Finally getting their own book, this cover shows the members of the JLA facing off their foe Despero. Flash plays chess against him with his teammates as pieces.

The same pose was used several times, of course with the line-up of members and bad guy changed. Although not specifically the same pose, the chess theme continues into other comics with a variety of heroes being used as pieces in the game. This symbolises characters who are pulling the strings, and orchestrating events over others.

Popular Culture

Movie Posters

X-Force Posing As The Poster For Blade Trinity

Some comics have also been known to pay homage to famous movie posters. It's unclear when this trend began as it has been a trend for many years to parody the movie industry (even within the movie industry itself). It has even become popular to use homage covers through story arcs and even through a whole volume. Such volumes include Shanda the Panda by Antarctic Press, Vision Press & Shanda Fantasy Arts, and Marvel's Deadpool: Merc With A Mouth featuring covers by popular Zombieverse cover painter, Arthur Suydam (yet again).

Some volumes continue to pay tribute to popular movie posers throughout the entire run. For instance, Shanda the Panda has paid homage to many different movies, including (but not exclusive to) Charlie's Angels, Bring It On, Big Daddy & The Clockwork Orange. More Recently, Merc With A Mouth has parodied Jaws, & Scarface. Meanwhile, the second on-going volume of X-Force paid tribute to a variety of vampire movies on the variant covers during the Necrosha cross-over event.

See this gallery for more examples

Music/Album Covers

X-Men Unlimited #30: Abbey Road

Once in a while, it is album cover that serves as inspiration. Although it is rarer than the movie posters, it is worth mentioning.

Other Influences

Covers don't always pay homage to previous covers. There are examples of paying tribute to genuine pieces of traditional art including paintings, sculptures, photography etc. An examination of art reveals that homage drawing were quite popular previous to the era of comic books for instance the L.H.O.O.Q. version of the Mona Lisa.

The "Andy Warhol"

"Marilyn Monroe"

Famed pop-culture artist Andy Warhol's signature screen print style. A style in which the same image is repeated. Each image however has its own set of colors. Some colors becomes very contrasting and some mute compared to the images around them.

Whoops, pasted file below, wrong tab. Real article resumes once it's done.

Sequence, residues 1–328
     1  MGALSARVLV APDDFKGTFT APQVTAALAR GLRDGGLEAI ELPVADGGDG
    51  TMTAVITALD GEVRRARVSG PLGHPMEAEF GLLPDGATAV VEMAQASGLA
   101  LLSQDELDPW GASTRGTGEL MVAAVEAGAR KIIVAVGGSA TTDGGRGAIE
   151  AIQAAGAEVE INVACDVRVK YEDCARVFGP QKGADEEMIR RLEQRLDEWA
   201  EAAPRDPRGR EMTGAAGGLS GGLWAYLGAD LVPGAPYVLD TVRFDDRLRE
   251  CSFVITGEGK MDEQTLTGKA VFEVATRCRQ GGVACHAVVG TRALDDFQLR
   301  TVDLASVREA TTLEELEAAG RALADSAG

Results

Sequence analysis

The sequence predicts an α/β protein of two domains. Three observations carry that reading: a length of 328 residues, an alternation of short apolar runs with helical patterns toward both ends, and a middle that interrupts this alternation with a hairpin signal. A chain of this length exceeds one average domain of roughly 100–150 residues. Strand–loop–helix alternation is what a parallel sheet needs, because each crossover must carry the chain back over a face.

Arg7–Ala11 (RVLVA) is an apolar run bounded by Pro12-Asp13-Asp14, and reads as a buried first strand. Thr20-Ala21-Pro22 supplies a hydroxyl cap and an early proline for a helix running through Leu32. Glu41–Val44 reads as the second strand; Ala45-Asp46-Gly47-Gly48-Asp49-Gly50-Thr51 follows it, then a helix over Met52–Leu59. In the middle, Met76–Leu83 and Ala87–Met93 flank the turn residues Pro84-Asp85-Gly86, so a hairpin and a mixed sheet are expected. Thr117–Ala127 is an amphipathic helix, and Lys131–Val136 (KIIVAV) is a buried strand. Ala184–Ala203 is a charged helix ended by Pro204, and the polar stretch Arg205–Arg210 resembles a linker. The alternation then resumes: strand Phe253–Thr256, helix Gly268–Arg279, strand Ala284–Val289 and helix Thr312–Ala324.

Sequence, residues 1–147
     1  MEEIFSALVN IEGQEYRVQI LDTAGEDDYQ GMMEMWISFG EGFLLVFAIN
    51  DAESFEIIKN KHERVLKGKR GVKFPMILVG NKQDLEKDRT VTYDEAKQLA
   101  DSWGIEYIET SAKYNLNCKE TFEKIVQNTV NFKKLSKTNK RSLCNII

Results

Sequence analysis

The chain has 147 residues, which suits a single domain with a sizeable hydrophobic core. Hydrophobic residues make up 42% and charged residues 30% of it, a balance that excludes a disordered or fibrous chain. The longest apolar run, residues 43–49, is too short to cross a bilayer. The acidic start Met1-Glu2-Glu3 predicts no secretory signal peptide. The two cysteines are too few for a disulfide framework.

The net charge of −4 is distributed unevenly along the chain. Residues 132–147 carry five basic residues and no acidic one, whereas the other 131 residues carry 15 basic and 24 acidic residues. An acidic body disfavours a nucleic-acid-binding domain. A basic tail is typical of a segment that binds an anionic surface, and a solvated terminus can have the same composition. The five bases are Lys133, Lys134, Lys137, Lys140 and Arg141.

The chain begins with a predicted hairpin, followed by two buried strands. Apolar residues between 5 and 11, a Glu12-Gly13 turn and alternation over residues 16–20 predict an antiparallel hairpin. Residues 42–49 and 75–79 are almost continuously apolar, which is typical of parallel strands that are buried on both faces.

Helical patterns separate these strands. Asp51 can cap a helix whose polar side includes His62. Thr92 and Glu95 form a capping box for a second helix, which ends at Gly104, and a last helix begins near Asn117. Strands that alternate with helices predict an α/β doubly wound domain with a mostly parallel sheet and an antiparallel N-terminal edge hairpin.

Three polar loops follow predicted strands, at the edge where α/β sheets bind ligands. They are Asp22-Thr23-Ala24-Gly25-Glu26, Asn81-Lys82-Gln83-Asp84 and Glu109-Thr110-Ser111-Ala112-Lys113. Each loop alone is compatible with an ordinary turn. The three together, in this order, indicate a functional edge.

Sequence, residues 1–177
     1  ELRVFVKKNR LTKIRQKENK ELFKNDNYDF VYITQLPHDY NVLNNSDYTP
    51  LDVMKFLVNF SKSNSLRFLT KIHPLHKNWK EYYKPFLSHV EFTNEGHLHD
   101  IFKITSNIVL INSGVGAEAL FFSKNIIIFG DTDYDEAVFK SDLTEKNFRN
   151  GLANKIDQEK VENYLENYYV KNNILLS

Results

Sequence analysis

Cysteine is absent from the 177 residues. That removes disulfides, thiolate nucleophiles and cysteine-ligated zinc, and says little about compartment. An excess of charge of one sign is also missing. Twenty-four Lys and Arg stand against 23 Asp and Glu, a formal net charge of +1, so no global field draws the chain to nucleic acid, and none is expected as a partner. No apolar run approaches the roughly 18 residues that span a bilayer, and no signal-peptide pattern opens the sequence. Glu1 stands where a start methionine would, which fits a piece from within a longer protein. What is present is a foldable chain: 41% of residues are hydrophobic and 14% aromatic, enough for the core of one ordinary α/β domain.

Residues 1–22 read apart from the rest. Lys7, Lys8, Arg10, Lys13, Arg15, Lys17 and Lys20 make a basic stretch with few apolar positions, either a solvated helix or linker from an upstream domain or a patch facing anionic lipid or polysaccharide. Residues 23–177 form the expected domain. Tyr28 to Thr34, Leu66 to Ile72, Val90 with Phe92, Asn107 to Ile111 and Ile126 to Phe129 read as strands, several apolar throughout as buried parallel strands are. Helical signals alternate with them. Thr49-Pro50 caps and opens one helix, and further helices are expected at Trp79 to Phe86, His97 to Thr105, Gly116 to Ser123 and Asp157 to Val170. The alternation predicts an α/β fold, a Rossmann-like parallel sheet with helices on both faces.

Most famously done with Marilyn Monroe. Other main "inspirations" would be Elvis Presley, Troy Donahue, Muhammad Ali and Elizabeth Taylor

Alan Moore's Promethea had a Warhol inspired cover in issue #29, in which artist J.H. Williams III used the Warhol style and laid out images of The painted doll with different colors.

American Gothic

This painting by Grant Wood in the 1930's depicts a farmer standing beside his daughter standing in front of their house. This Painting has been paid homage to in such comics as:

The Pietà

The dying Christ. A Pietà is a painting or sculpture of the Virgin Mary holding the dead body of Jesus in her arms. The most famous example is the sculpture of the Pietà by Italian renaissance artist Michelangelo di Lodovico Buonarroti Simoni.

  • The Pietà (1499) Sculpture by Michelangelo

Unlike the 'carrying a dead person' pose, there are clear examples of the Pietà that are quite obviously paying homage to the Pietà sculpture unlike the Uncanny X-Men #136 & Crisis on Infinite Earths #7 covers (see above).

Michelangelo's Pietà

Just a few examples are listed below, yet there are more examples to be found.

The first of Marvel's series of Graphic Novels was the Death of Captain Marvel. Over the previous years Captain Marvel had slowly been dying from a mutated form of cancer which his Nega-Bands could no longer restrain. On the cover to the graphic novel, Captain Marvel is cradled by a skeletal rendition of death while surrounded by Marvel's most recognisable heroes. There is a variant cover for Marvel Zombies Vs Army of Darkness #3 based on this scene, but where all the heroes are zombies. Deadpool #63 has a more simple approach with Deadpool lay dying in place of the Christ in the arms of a more gentle, female representation of death.

See this gallery for more examples.

Raising the Flag on Iwo Jima

Atop Mount Suribachi

Raising the Flag on Iwo Jima is one of the most iconic photographs from World War 2. Taken on February 23rd 1945, by Joe Rosenthal, it depicts 5 US Marines and a US Navy corpsman raising the Stars and Stripes atop Mount Suribachi during the Battle of Iwo Jima.

The Playing Card

In traditional decks of playing cards the face cards (Jack, Queen, King) typically have an inverted scheme where there are two faces of the car portrayed so that it is never really upside down. This same scheme is sometimes used on comic covers as a way to show a polar opposite between certain characters

The Vitruvian Man

Vitruvian Man

One of the most well-known works of Leonardo Da Vinci. The Vitruvian Man features a naked male body outstretches within an over-lapping circle & square, demonstrating the proportion of human limbs and torso.

Detective Comics Homage

In July 1939 Detective Comics #29, there is a picture of Batman swinging into a castle with his bat-rope, knocking over a villain. Ironically, it appeared in Batman: Streets of Gotham #20, with a thought of Dick Grayson looking into the past. With Bruce in his beginning days.

Batman 497

Batman #497 has been homage in:

Azrael #37

Detective Comics #740

Batman: The Dark Knight #6